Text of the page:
The Practice of Dr. Michael Koumas

What Happens During Scaling and Root Planing?

Gum disease can develop overtime as plaque builds up on your teeth and around your gums. The bacteria in the plaque may cause your gums to become irritated and inflamed and you may even notice your gums start to be drawn back from your teeth. When the gums pull away, pockets are created, and this is another opportunity for plaque to build up. When the plaque becomes trapped in these pockets, normal brushing and flossing cannot remove it and scaling and root planing may be necessary. Scaling and root planing is a deep cleaning procedure used to get below the gumline to treat gum disease.

Gum Disease

The good news is, when gum disease is caught and treated early on with a traditional tooth cleaning session from the dentist, you should have nothing else to worry about. Now, if you let the gum disease advance and don’t treat it, scaling and root planing may be necessary to prevent and further damage to the tooth or bone. Gingivitis is the first stage of gum disease, then comes chronic periodontitis and at this stage, it is very likely scaling and root planing is needed.

Illustration of dental tool performing scaling and root planing

Scaling and Root Planing

Scaling is the first step in the process. This is the actual plaque removal process which includes cleaning both above and below the affected gumline, and even in those hard to reach pockets. Root planing is when the dentist will attempt to reattach the gums to the teeth through smoothing out the roots of the teeth.

Arestin Option

Arestin is a bioresorbable gel which contains Minocycline Microspheres. The FDA has approved Arestin to be used for the treatment of gum disease after going through the scaling and root planing procedure. The Arestin is placed in the pocket and directly fights the gum disease infection for 30-days because of its high levels of antibiotic. Below are some Arestin Post-Op instructions to follow after receiving the Arestin therapy:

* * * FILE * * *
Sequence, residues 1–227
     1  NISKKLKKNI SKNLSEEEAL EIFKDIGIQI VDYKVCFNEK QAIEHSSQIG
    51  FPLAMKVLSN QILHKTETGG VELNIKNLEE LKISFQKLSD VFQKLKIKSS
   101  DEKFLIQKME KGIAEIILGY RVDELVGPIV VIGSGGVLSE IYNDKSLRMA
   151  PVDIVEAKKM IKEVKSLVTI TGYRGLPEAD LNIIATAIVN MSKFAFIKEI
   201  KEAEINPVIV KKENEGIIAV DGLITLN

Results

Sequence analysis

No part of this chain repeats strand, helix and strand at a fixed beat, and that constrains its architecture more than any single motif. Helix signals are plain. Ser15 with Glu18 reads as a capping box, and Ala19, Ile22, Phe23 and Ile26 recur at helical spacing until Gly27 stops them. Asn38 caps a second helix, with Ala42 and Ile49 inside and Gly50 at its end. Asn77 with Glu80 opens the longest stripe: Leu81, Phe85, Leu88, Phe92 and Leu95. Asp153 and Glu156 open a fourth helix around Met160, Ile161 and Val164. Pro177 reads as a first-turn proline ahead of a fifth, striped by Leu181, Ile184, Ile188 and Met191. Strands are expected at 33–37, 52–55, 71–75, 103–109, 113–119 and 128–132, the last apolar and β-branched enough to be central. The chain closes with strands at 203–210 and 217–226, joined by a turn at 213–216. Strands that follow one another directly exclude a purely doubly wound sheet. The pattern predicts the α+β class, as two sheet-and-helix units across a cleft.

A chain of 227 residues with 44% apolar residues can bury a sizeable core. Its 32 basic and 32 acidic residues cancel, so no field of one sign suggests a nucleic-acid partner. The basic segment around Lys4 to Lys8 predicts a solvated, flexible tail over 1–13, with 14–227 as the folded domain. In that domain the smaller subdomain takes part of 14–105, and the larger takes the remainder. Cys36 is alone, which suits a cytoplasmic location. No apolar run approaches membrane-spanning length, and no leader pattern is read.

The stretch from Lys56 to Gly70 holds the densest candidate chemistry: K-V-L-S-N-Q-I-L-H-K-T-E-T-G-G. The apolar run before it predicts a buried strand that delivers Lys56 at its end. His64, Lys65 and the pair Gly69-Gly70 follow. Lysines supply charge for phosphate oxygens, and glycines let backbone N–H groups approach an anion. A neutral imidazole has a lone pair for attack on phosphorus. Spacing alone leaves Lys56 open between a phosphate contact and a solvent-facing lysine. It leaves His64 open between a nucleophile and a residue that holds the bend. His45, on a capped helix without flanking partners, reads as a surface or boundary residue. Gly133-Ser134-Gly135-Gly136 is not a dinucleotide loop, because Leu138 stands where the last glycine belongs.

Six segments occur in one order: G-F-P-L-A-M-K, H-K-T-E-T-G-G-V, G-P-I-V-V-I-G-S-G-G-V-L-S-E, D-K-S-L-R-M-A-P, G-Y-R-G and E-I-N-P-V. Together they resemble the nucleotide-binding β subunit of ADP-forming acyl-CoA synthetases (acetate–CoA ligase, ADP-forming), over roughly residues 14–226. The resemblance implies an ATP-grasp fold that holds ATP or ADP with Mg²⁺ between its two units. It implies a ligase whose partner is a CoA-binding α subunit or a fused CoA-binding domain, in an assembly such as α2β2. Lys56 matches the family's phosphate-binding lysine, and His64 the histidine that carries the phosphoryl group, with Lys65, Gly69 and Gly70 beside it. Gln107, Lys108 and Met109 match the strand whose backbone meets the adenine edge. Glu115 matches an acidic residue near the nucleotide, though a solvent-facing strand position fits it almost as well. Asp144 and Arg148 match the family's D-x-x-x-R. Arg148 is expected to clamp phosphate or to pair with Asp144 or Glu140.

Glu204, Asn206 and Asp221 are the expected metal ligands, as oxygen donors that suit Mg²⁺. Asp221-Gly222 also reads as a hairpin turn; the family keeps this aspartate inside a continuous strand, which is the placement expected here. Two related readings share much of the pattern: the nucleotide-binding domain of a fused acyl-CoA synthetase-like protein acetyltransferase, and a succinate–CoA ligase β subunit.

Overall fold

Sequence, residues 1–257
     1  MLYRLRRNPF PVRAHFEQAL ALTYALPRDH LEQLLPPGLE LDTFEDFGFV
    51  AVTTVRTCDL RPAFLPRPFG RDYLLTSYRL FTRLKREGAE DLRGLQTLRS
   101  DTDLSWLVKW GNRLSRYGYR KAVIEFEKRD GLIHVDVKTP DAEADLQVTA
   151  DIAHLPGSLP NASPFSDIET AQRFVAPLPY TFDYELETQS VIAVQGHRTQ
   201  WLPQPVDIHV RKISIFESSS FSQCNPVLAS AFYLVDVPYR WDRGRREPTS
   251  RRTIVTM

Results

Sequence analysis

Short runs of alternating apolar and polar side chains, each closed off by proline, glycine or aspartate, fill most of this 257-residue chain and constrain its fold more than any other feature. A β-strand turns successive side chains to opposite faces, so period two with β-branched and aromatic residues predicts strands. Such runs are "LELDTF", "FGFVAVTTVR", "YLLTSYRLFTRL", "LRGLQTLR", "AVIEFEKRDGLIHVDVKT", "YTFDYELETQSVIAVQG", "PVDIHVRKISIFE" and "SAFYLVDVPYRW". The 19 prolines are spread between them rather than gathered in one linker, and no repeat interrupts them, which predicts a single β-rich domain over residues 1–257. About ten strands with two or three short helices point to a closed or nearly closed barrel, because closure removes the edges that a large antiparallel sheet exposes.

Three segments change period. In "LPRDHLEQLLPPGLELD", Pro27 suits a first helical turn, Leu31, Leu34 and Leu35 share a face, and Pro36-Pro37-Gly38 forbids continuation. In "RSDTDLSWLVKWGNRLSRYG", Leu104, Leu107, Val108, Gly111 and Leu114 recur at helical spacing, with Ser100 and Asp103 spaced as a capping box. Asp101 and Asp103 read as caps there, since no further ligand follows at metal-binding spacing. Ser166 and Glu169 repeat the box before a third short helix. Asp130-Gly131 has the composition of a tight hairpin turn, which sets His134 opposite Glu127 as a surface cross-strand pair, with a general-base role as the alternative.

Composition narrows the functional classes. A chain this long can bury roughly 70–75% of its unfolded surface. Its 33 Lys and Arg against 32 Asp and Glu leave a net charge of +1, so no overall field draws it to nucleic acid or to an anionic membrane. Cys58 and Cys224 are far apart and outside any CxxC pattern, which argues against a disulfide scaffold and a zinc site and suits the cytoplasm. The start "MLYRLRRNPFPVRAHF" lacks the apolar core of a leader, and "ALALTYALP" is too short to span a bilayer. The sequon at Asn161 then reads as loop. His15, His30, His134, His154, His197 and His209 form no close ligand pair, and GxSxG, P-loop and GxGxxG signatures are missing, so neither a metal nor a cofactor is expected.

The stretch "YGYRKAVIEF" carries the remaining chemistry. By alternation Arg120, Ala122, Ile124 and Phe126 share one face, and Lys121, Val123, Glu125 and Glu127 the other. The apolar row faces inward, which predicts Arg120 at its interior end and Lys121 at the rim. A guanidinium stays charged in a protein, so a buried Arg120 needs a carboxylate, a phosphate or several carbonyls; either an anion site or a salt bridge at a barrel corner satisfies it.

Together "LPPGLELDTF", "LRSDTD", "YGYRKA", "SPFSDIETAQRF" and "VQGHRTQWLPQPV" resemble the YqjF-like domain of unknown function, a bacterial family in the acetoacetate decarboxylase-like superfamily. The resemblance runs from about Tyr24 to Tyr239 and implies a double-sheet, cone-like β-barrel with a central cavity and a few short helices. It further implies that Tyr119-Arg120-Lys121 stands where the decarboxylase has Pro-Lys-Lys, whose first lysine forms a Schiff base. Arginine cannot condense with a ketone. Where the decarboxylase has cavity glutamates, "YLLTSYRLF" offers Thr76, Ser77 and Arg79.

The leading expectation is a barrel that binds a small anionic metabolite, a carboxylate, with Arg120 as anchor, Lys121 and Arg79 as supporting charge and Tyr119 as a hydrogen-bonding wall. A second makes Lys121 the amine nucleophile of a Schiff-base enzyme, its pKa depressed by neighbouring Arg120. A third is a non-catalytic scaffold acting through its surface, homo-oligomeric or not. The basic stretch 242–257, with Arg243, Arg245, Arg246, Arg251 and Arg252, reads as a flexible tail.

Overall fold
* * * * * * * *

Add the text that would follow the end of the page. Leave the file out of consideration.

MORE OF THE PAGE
1. Avoid contact with treated area
  2. Wait 12 hours after the treatment to brush teeth
  3. Allow 10 days to pass before flossing or other techniques to clean in between teeth, resume after 10 days
  4. Avoid crunchy, chewy and spicy foods for 1-week

To schedule your dental appointment, contact local Newburgh, NY dentist Dr. Michael Koumas.

More information can be found on Scaling and Root Planing

Are Teeth Considered Bones?

Skeleton showing teeth

Even though teeth and bones seem very similar, they are actually different. Teeth are not bones. Yes, both are white in color and they do indeed store calcium, but that’s where their similarities end.

Teeth

Teeth are made out of enamel, which might be a familiar term to you. Enamel is the outer-layer of your tooth, the visible part and is responsible for protecting your teeth. The other tissues that your teeth are made up of are dentin, cementum and pulp. Teeth are the hardest parts of our bodies because of the enamel which consists of calcium phosphate. Unfortunately, enamel isn’t made of living tissue and can wear away over time.

Dentin lies beneath the enamel and is very sensitive to bacteria which can cause dental sensitivity and even cavities. Pulp is the soft, living core of a tooth that is made up of nerves and vessels running through it. Lastly, cementum is a layer of connective tissue that is responsible for keeping the teeth attached to the gum and jawbone. Teeth do not have the ability to heal themselves because no living tissue exists in the enamel. This is why when a tooth is chipped or cracked, or a cavity forms, visiting the dentist is necessary. No new enamel will form and without properly treating the tooth, the problem will only worsen over time.

Bones

On the other hand, bones are made of living tissue, so the tissue is constantly being broken down and replaced with new tissue. This repeating cycle is what keeps our bones healthy and strong. Bones, like enamel, are also made up of part calcium phosphate, but they mostly consist of a protein called collagen. As you are probably aware, the majority of broken bones are able to heal, and this process starts almost immediately. Soft callus on the injury is eventually replaced by hard callus and new bone tissue will eventually take its place, all because of the living tissue.